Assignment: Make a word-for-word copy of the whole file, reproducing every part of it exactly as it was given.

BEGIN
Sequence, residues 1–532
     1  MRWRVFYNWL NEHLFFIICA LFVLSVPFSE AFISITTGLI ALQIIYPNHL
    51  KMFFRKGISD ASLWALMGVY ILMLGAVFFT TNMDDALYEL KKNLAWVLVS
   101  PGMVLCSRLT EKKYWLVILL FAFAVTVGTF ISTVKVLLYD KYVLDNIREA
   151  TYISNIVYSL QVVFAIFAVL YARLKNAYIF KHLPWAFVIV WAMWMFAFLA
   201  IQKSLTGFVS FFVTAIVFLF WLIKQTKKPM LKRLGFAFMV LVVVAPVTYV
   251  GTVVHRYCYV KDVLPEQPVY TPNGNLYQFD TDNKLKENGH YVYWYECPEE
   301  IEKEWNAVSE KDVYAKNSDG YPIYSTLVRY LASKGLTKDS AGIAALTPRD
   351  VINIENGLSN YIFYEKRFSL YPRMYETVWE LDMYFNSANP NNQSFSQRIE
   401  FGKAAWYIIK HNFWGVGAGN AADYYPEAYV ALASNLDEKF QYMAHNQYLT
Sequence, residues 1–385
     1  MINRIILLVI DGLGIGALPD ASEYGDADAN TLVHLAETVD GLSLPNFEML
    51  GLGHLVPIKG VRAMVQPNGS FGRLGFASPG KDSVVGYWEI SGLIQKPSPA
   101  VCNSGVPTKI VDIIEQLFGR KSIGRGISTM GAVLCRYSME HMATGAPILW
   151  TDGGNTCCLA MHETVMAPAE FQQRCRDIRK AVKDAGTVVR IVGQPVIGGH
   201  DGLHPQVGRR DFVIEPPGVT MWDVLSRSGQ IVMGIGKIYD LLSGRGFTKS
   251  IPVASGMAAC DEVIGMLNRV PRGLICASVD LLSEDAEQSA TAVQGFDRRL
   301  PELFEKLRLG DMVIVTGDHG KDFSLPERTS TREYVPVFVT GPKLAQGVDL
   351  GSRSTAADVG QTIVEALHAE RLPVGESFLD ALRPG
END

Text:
Sequence, residues 1–532
     1  MRWRVFYNWL NEHLFFIICA LFVLSVPFSE AFISITTGLI ALQIIYPNHL
    51  KMFFRKGISD ASLWALMGVY ILMLGAVFFT TNMDDALYEL KKNLAWVLVS
   101  PGMVLCSRLT EKKYWLVILL FAFAVTVGTF ISTVKVLLYD KYVLDNIREA
   151  TYISNIVYSL QVVFAIFAVL YARLKNAYIF KHLPWAFVIV WAMWMFAFLA
   201  IQKSLTGFVS FFVTAIVFLF WLIKQTKKPM LKRLGFAFMV LVVVAPVTYV
   251  GTVVHRYCYV KDVLPEQPVY TPNGNLYQFD TDNKLKENGH YVYWYECPEE
   301  IEKEWNAVSE KDVYAKNSDG YPIYSTLVRY LASKGLTKDS AGIAALTPRD
   351  VINIENGLSN YIFYEKRFSL YPRMYETVWE LDMYFNSANP NNQSFSQRIE
   401  FGKAAWYIIK HNFWGVGAGN AADYYPEAYV ALASNLDEKF QYMAHNQYLT
Sequence, residues 1–385
     1  MINRIILLVI DGLGIGALPD ASEYGDADAN TLVHLAETVD GLSLPNFEML
    51  GLGHLVPIKG VRAMVQPNGS FGRLGFASPG KDSVVGYWEI SGLIQKPSPA
   101  VCNSGVPTKI VDIIEQLFGR KSIGRGISTM GAVLCRYSME HMATGAPILW
   151  TDGGNTCCLA MHETVMAPAE FQQRCRDIRK AVKDAGTVVR IVGQPVIGGH
   201  DGLHPQVGRR DFVIEPPGVT MWDVLSRSGQ IVMGIGKIYD LLSGRGFTKS
   251  IPVASGMAAC DEVIGMLNRV PRGLICASVD LLSEDAEQSA TAVQGFDRRL
   301  PELFEKLRLG DMVIVTGDHG KDFSLPERTS TREYVPVFVT GPKLAQGVDL
   351  GSRSTAADVG QTIVEALHAE RLPVGESFLD ALRPG